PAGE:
I was still carrying the Yugoslav army holdall,which had accompanied me all day around the front line.I headed for the Hotel Macedonia on the corner of the main square.This was clearly the base for the press in this town,and armoured Land Rovers belonging to some of them lined the road outside.Unfortunately,my query at reception met with disappointment,as the hotel was full.Not surprising at $25 per night,with so many pros in town,I mused.
I wandered back out into the late afternoon sunshine,and explored further.In the backstreets between the city centre and the stadium,I was lucky enough to meet a local Turkish man who would allow me to stay in his parent's house.He was only young-perhaps in his early twenties-and didn't appear to share my enthusiasm for the conflict raging in his town.To him,this was an inconvenience and a nerve wracking worry for his family's property and livelihood.I suppose I might feel the same about war in my country,but here it was my travel adventure and I suppressed my visible interest in what was happening,so as not to put him out.His family had left for Skopje when war began,and he was minding the building,but was leaving himself to visit them the next day.So,I could stay for one night only,but hopefully the Hotel would have a spare room the next day.A small amount of food was provided,and after a late night foray into his garden to try and spot any gunfire,I retired for a comfortable sleep.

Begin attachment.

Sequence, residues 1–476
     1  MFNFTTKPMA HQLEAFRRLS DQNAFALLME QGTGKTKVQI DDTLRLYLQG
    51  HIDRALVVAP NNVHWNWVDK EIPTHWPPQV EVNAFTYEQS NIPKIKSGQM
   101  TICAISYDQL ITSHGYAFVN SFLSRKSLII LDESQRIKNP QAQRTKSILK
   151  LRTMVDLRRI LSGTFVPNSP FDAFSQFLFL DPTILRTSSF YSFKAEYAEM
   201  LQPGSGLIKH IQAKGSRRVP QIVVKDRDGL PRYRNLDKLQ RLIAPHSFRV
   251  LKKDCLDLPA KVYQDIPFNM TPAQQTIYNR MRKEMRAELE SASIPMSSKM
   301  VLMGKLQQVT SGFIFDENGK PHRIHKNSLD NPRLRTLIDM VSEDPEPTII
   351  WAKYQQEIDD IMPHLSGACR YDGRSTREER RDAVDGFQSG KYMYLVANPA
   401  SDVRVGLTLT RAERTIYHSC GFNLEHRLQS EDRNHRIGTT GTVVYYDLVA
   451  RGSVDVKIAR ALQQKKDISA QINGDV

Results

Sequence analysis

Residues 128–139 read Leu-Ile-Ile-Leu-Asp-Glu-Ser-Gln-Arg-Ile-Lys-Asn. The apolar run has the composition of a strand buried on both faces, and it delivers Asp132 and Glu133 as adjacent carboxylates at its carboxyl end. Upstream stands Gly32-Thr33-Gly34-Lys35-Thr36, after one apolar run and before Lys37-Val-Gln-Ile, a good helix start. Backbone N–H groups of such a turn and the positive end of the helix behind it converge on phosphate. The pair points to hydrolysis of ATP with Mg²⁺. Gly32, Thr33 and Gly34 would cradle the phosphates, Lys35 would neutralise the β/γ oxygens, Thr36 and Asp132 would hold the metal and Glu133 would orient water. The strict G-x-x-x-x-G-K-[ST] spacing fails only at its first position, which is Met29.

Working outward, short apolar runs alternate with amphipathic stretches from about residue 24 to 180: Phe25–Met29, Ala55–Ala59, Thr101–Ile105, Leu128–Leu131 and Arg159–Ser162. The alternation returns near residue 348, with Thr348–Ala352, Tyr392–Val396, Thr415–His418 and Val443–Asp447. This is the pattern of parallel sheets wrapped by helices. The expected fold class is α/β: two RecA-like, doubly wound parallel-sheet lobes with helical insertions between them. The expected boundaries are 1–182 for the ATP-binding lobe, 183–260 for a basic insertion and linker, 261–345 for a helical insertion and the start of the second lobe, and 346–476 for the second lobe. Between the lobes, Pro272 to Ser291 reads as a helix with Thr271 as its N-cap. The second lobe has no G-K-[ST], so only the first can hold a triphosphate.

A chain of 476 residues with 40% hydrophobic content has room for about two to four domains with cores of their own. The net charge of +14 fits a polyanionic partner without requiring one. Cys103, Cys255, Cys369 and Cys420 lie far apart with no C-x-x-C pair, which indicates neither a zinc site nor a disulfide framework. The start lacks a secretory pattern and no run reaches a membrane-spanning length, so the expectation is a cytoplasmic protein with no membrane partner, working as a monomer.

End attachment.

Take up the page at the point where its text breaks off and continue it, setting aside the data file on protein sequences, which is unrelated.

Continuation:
My plan was to see more of the action the next day,Tuesday,and then return to Skopje for my washing in the late afternoon.This was still at the dry cleaners where I had left it on Sunday night. Again I spent the day walking around town to all the action points,and then headed for the train station.As I was photographing the hills from a distance,in the more modern,and mostly Slav districts in the east of Tetovo,I was suddenly approached by two Slav men.Speaking to me in limited English,they told me to give them my camera,and then,when I refused,they told me to get into their car.I once again refused,so they insisted next that I walk with them to a soldier who was positioned nearby,at the entrance to a tower block,and allow him to check my ID.He was somewhat apologetic for the suspicion of the other men,and rapidly accepted my credentials and waved me on my way.